Grief Care for Aging Adults: Strategies for Families and Communities

Paul Snyder has lived long enough to have seen most of his friends pass on. But even at 101 years old, Paul stays happy and active. What’s his secret?

“At 101, most of your close friends have gone by,” he says, “But you can keep making new ones.” Mr. Snyder’s attitude shows that getting older doesn’t have to mean being depressed and lonely. But it takes intentional effort to keep growing and stay positive.

Support from their families, friends, and local communities can make a significant difference in the life of an older person who is struggling with losing those they’ve known for years. Understanding the grief they face and how to help them cope and find new purpose is essential. 

Here are some ideas that can help.

Understanding the Grief of Loss

The “golden years” of life can actually be quite difficult. As people get older, things change — and not always in ways that the person enjoys. The way work is conducted on computers and through online networks can be confusing, and to some older folks, it lacks personal connection. 

New technologies can feel overwhelming, and people who move away or pass on can cause significant feelings of loss. At the same time, older people are losing some of the capabilities we all take for granted, like being able to walk easily, drive skillfully, and see and hear well. 

All of these losses happening at the same time can cause considerable grief. As a family member or community member supporting someone older, it’s important to help promote mental wellness by encouraging them to seek professional help, spend time around others, and stay active in a safe way.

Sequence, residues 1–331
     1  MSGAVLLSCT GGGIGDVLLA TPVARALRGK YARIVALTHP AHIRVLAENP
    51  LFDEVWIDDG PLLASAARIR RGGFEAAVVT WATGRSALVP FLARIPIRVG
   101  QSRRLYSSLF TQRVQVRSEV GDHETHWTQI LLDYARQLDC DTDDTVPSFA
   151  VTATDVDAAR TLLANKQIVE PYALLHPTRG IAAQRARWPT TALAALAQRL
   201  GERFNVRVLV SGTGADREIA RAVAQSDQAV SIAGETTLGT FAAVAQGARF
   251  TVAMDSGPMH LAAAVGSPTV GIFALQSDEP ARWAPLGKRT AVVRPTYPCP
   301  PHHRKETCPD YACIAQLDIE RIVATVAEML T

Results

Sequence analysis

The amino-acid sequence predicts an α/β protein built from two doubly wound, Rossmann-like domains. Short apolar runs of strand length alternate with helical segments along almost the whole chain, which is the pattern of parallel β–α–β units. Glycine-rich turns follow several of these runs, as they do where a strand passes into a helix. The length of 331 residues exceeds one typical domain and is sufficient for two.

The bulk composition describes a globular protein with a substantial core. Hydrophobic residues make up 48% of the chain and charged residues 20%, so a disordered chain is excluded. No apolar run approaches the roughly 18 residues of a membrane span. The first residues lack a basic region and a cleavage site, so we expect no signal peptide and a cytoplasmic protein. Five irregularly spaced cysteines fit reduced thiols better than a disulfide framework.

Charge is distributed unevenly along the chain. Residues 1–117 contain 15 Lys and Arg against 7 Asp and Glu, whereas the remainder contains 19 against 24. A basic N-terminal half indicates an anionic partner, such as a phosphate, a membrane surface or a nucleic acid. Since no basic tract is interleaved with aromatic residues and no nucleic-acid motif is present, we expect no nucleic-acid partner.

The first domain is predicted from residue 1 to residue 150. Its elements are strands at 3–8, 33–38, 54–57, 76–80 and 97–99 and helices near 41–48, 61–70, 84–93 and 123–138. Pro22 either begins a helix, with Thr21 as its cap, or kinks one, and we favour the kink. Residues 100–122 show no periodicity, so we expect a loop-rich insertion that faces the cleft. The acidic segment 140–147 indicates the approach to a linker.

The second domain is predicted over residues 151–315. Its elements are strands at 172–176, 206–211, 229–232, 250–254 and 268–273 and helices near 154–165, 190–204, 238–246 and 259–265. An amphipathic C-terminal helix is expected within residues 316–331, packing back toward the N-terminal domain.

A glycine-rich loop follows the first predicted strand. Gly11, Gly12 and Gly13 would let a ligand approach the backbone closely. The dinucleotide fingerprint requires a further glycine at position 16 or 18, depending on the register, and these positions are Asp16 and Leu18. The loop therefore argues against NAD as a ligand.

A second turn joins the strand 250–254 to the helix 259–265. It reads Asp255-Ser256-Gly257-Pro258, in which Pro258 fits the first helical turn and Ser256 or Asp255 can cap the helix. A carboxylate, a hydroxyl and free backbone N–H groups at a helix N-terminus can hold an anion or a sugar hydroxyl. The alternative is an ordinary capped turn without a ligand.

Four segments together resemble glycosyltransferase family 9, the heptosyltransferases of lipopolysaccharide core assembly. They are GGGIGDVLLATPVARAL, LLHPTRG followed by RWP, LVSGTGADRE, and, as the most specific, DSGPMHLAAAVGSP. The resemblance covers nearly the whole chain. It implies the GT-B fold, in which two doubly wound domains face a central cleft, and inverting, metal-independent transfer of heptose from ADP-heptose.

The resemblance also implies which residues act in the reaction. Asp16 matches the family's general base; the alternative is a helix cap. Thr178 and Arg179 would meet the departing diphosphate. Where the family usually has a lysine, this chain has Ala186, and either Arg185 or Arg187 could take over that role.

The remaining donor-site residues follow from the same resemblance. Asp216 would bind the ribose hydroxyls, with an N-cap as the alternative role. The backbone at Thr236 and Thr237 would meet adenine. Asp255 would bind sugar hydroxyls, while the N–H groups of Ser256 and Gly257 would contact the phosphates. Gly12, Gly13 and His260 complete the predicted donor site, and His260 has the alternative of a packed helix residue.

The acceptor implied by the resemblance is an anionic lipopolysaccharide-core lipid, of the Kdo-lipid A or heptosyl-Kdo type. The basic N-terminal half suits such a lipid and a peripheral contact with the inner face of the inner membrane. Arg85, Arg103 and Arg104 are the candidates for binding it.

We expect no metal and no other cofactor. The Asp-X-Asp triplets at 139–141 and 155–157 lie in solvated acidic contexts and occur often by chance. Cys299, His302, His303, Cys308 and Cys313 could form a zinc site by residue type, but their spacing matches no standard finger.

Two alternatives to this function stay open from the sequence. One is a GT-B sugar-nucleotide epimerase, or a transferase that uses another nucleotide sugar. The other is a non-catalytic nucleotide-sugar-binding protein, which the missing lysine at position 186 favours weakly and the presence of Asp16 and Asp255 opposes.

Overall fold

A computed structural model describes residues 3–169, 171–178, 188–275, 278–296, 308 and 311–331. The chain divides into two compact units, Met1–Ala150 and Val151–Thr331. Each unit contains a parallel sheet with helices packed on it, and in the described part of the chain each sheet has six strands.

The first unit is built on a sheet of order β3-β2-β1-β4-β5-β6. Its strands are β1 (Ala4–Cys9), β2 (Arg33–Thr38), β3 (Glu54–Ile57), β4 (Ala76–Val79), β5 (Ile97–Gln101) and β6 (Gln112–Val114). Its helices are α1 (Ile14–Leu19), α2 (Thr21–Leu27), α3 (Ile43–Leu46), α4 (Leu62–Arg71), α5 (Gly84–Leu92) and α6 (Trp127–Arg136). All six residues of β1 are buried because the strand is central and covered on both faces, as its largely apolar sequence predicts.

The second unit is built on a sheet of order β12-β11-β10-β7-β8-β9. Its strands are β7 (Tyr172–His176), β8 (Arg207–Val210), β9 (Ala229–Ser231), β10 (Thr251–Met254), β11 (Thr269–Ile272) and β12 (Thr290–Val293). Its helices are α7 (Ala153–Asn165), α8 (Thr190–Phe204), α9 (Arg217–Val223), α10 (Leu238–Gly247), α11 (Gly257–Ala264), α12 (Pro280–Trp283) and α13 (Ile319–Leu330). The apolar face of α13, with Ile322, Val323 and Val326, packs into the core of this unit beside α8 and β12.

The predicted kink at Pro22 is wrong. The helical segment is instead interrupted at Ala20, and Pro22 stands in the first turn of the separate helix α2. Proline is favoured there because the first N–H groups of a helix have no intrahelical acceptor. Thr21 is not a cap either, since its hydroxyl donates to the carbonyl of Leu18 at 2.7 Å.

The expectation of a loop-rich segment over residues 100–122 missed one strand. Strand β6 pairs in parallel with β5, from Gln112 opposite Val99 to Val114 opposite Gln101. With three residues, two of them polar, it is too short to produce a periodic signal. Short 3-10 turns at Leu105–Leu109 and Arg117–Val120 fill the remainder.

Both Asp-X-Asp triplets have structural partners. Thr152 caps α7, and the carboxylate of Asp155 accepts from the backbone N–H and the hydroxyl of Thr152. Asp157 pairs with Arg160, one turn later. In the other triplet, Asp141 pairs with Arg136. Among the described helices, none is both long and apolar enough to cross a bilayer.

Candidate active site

Encourage Healthy Coping Mechanisms For Grief

Becoming depressed or anxious as the result of life’s changes isn’t an automatic part of getting older. When people struggling with grief and change are able to get the help they need, they can maintain the healthy, open attitude shown by Paul Snyder and others like him.

Talking to a licensed professional can be a big help to those who are struggling. Encourage your friend or family member to connect with the right type of therapist by helping them understand the differences between psychiatrists, psychologists, and specialized licensed counselors. It may take time for them to find the right professional, so assure them it’s OK to try several and choose the one with the best connection.

Other excellent practices can boost mental health as well. For example, writing to cope with loss can lower blood pressure, improve immune responses, and allow the older person to work through their feelings in a private, safe way. 

Getting regular exercise in a way that’s safe for their ability and keeping their bedroom clear of noise and clutter, along with avoiding caffeine or alcohol before bed, can help older adults sleep better even during grief. Good sleep is restorative and helps promote mental and physical healing. 

Encourage Connection With Others